Building a Powered Tender Truck
(MSLS Summer 2019 Newsletter)
(select photo for larger image)
Here is the powered electric tender pushing a hopper car ahead of one of the club trains.
I had to jump off and throw a switch to clear the main line for the passenger train
behind me. After returning the switch, I had to run to catch up with my own train
which was still moving.
Why would I want to power my tender?
Three answers persist.
1. To power a fake or "dummy" steam engine.
2. To power a true live steamer without firing it.
3. To use as a booster with an operating live steam locomotive.
First, there are increasing numbers of hobbyists that want an "electric" steam
locomotive. I know of at least two suppliers of these. Plus, there is plenty of
opportunity here for those who still want to build their own.
Second, there are times I want to run my 2-8-2 but don't want to or can't fire it,
for example, when I have visitors show up unexpectedly.
My Mikado never had a working live steam boiler, only a fake one, even though the
locomotive itself was capable. For years I ran it on a compressor in a boxcar hidden
somewhere in the consist.
Third, I have been asked by many if it can be used as a booster with an operating
live steam engine, and of course, it can. Some surviving full-size locomotives have
tenders with booster trucks (like SP 4449). Some even still work.
It can be used as a booster for those who have trouble on the hills or want to run
It can also be used as a switch engine or just to move cars. It is an ideal tractor.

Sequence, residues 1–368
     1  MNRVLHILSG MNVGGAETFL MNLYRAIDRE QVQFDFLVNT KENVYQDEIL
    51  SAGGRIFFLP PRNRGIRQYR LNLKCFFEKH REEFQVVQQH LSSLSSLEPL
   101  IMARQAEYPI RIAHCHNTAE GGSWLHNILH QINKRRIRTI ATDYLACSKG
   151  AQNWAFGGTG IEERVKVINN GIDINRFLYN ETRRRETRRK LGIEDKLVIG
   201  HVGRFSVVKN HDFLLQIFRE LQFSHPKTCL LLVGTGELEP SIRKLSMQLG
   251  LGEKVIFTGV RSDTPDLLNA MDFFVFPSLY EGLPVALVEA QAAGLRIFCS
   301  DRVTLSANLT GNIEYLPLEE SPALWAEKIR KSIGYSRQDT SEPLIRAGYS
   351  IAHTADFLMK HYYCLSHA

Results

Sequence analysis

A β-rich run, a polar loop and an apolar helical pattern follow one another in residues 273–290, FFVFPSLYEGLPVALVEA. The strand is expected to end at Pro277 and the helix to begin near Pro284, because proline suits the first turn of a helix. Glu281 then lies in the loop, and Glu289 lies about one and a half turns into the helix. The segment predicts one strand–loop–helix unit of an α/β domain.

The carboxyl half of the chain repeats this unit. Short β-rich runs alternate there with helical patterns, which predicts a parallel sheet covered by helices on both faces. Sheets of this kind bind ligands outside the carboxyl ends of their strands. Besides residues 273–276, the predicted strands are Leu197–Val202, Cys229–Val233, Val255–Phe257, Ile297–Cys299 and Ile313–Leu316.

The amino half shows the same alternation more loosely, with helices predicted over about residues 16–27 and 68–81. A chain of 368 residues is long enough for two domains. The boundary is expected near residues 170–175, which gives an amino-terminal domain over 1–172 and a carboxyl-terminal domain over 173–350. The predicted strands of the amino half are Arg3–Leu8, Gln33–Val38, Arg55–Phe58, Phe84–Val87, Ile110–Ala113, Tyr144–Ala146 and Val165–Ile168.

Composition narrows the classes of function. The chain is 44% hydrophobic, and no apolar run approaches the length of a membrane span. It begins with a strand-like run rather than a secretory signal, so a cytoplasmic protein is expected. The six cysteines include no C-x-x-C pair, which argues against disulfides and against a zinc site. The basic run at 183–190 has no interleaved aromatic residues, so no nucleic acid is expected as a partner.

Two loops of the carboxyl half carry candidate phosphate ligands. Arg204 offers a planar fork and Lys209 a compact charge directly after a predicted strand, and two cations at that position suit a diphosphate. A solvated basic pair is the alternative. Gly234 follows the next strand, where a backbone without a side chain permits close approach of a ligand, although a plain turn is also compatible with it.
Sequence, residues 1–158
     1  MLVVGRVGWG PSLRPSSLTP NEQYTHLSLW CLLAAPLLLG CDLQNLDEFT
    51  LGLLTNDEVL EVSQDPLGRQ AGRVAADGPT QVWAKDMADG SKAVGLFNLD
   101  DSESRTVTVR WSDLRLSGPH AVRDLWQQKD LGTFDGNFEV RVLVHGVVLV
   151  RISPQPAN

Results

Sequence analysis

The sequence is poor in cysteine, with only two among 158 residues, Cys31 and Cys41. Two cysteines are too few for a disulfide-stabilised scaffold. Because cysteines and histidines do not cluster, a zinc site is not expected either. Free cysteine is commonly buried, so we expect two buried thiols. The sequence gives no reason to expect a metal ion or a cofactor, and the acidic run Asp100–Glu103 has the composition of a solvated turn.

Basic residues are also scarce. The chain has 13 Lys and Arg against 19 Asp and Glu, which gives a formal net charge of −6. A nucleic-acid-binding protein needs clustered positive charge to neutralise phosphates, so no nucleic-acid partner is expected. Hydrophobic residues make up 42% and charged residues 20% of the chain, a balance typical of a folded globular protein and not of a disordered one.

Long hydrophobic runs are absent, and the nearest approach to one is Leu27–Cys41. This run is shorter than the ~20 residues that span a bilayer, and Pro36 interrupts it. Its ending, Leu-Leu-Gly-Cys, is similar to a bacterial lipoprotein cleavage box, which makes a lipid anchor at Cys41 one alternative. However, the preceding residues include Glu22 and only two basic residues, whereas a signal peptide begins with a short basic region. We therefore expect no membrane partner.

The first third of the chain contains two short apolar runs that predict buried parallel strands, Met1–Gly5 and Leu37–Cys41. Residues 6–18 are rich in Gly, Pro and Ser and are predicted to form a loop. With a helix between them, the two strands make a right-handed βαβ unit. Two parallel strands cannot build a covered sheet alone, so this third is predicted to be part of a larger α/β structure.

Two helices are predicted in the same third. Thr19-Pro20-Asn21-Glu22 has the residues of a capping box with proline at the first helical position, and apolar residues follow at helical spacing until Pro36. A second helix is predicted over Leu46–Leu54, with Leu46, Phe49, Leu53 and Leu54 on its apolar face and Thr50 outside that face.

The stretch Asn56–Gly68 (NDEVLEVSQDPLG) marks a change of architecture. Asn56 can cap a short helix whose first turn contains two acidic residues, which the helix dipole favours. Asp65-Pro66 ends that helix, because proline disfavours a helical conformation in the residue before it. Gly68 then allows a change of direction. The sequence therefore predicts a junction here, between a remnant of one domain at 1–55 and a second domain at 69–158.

Powered Tom Bee "Bettendorf" Truck
(select photo for larger image)
Some builders of electric steam engines put the electric motor(s) in the locomotive.
This is kind of a bad idea, since the locomotive doesn't weigh much and won't have
One builder boasts of how many cars his engine can pull, but he's on the flatlands.
Putting the electric motor in the tender is better
because the weight of the batteries and engineer are there and
have considerable weight.
Note: The motor can be positioned either behind the truck (as shown) or directly
above it - inside the tender carbody.
Building the Powered Truck
I started with a standard "Tom Bee" Bettendorf freight car truck. I then removed the
original bolster and wheelsets.
This modification requires 4 chains and 8 sprockets. All chains are #35 and are of
the same length, namely 46 links. This motor
is a 2.5 HP permanent magnet 130 volt DC treadmill motor. But the truck can be
powered using other types of motors as well.
The motor drives a reduction idler (running on one of the axles).
You can see the oil cup to supply oil to the idler bushings.
The idler drives an output shaft in the center which drives both axles identically.
The output shaft uses the same size and type of needle bearings as the axles.
Here is a breakdown and description of the chains and their associated drive and load
sprocket tooth counts as well as the resulting ratios.
Chain Teeth Teeth Ratio Reduction
--------------- ----- ----- -------- --------------
Motor to Idler 11 30 .3666667 (2.727273 : 1)
Idler to Output 13 30 .4333333 (2.307692 : 1)
Output to Axle (2) 13 30 .4333333 (2.307692 : 1)
Net ratio .06885185 (14.52394 : 1)
Feel free to go out and build your own!
More details here